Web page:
B

Dr.Dave's Adventures at East Devon, 2000

This tournament somehow escaped record until 2016... I was going through a 1.e4 phase in a vain attempt to sharpen my game.

Click on [...] to see games list.

[Event "Exeter Premier"]
[Site "?"]
[Date "2000.03.03"]
[Round "1"]
[White "Regis, D."]
[Black "Evans, DK."]
[Result "1-0"]
[ECO "C01"]
[WhiteElo "1816"]
[BlackElo "2024"]
[PlyCount "83"]

{It's always nice to start a tournament with a win.  White plays the

A coaching challenge

I played at the East Devon Chess Congress earlier this year alongside my longstanding friend and team-mate Charlie Keen. During a break between games, we went over one of his encounters, looking for tips for next time. The critical position was this one:

Basic Rook Endgames

We lost on board count to old rivals Teignmouth in the Peter Rooke Cup at the end of January. One of the last games to finish involved a simple-looking Rook endgame. Just as it was getting crucial, White, short of time, found a time-saving blunder:
[Event "Peter Rooke Semi-Final"]
[Site "Teignmouth"]
[Date "2013.01.25"]
[Round "?"]
[White "Pope, Sean"]
[Black "Gorodi, John G"]
[Result "0-1"]
[ECO "B22"]
[PlyCount "124"]
[EventDate "2013.01.25"]

The Bogoljubow Paradox

"When I am White I win because I am White, when I am Black I win because I am Bogoljubow." - Efim Bogoljubow.

I'm still thinking about this, so bear with me, and comments invited...

I pounced on Nunn's Chess Openings when it came out, and found some things that I found puzzling.  Openings like the Dutch Stonewall, which I had always thought of as being fundamentally flawed, were being shown as equal, while the Classical Dutch - which I thought was a superior approach - was coming out as +=.

Isolated Queen's Pawns - another go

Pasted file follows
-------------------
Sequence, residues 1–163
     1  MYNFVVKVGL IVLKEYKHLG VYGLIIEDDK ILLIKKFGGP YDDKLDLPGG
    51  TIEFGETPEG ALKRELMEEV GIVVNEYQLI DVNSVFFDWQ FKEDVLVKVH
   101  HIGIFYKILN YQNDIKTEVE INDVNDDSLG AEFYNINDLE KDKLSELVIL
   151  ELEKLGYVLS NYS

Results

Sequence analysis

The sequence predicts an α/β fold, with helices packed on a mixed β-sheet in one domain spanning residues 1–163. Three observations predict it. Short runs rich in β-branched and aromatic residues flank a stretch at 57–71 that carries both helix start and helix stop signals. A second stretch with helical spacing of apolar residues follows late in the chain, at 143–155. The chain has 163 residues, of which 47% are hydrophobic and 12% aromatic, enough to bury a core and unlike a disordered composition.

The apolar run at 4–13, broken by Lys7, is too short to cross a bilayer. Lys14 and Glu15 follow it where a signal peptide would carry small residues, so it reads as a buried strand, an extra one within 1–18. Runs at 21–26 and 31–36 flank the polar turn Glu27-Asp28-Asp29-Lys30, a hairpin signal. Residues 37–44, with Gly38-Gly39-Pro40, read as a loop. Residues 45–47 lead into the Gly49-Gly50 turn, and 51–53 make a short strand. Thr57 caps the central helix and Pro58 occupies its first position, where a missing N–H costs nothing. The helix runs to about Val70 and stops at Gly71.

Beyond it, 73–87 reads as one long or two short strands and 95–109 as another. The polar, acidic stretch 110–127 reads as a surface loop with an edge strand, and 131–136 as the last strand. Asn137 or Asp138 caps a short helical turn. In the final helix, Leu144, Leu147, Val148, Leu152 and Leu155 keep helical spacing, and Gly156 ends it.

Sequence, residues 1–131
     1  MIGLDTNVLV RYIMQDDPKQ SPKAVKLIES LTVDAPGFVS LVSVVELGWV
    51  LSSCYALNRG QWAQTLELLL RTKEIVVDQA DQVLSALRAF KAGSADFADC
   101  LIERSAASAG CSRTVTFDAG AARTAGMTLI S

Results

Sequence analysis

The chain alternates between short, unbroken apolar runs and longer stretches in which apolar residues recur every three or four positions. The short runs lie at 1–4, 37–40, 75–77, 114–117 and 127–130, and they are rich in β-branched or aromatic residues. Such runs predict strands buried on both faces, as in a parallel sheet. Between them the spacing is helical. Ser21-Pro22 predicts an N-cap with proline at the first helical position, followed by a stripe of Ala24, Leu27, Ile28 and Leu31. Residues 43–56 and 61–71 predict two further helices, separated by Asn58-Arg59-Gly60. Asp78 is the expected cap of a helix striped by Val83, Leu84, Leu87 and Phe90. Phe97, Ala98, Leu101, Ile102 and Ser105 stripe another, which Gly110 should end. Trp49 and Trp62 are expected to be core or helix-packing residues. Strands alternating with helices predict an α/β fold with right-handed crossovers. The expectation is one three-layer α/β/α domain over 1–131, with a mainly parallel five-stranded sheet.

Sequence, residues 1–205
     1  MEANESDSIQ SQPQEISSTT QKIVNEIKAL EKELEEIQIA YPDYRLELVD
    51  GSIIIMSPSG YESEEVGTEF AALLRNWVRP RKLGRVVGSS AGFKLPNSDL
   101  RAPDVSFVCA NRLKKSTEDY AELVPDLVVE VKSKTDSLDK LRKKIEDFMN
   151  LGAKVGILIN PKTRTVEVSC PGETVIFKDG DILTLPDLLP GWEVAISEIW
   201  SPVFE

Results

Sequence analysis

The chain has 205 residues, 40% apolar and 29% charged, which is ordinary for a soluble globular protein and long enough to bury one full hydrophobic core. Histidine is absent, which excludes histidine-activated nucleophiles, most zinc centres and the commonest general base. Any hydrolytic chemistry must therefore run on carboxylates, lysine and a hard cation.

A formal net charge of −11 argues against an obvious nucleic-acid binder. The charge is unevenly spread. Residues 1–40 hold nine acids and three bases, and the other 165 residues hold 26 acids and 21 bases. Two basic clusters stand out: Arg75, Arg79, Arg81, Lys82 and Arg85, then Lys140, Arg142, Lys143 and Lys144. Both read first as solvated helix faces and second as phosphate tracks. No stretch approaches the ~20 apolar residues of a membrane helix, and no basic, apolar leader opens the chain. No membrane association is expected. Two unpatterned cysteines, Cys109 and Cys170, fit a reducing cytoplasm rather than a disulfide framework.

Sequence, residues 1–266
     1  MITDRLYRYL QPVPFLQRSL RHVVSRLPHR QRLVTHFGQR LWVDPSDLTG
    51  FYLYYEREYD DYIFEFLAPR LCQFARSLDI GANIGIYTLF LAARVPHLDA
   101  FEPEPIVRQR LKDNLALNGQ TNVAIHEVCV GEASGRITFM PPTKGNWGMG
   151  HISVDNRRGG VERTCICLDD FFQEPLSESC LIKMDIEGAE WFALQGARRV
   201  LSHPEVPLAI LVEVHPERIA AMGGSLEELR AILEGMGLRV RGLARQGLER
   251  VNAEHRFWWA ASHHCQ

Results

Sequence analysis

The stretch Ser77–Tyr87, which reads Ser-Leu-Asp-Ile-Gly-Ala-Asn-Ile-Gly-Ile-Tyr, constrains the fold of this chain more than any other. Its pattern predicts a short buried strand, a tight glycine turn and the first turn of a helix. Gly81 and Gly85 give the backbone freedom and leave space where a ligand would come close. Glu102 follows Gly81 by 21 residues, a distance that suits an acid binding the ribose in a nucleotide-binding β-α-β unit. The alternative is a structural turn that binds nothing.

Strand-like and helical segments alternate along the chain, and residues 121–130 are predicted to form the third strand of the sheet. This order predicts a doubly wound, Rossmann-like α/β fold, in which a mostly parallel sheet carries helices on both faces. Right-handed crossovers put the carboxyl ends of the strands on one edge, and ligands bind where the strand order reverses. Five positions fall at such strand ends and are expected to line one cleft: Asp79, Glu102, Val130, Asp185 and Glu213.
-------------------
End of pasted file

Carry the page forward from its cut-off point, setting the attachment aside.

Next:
Isolated Queen's Pawns - another go.

If you have an Isolated Queen's Pawn, you have outposts on c5 and e5, a half-open e-file, more space, more mobility, and more chances of attacking - on either side, I guess, but the e5 outpost suggests the King's-side. On a good day, it works like this:

Botvinnik-Vidmar 1936

Examination of a Game 1

"The unexamined life is not worth living" - Socrates "The unexamined game is not worth playing" - Dr.Dave

Warming up 1

Play through this game and see what you think. I have omitted the final moves, which are left as an exercise for the reader.

A Queen sacrifice

I played an extremely boring last-round game at Torquay, choosing the English Defence, which is usually good for a scrap at my level.

Archer-Lock,C - Regis,D Torbay Open Riviera (5), 20.11.2011

1.d4 e6 2.c4 b6 3.Nc3 Bb4 4.e4 Bb7 5.Bd3 f5 6.Qh5+ g6

The Queen check is supposed to weaken the black King's-side, but it also has some benefits for Black; f5 is strengthened and the g7 square can be a bolt-hole for the black Queen.

7.Qe2 Nf6 8.Bg5 fxe4 9.Bxe4 Bxe4 10.Bxf6 Qxf6 11.Qxe4 Nc6 12.Nf3 0-0 ½-½

What are we going to do now? 1/2

[Event "PC2 12/7/11 23:45"]
[Site "Palm Handheld"]
[Date "2011.07.12"]
[Round "2"]
[White "Southall, Chris"]
[Black "NN"]
[Result "*"]
[SetUp "1"]
[FEN "r1bq1rk1/2pn1pbp/1p1p1np1/pP2p3/2P5/2N1PN2/PB1PBPPP/R2Q1RK1 w - - 0 10"]
[PlyCount "26"]
1.. d4 {Chris says: "Move 10 was where I wasn't sure what to do. I had
developed my minor pieces and felt like I needed to challenge black's solid

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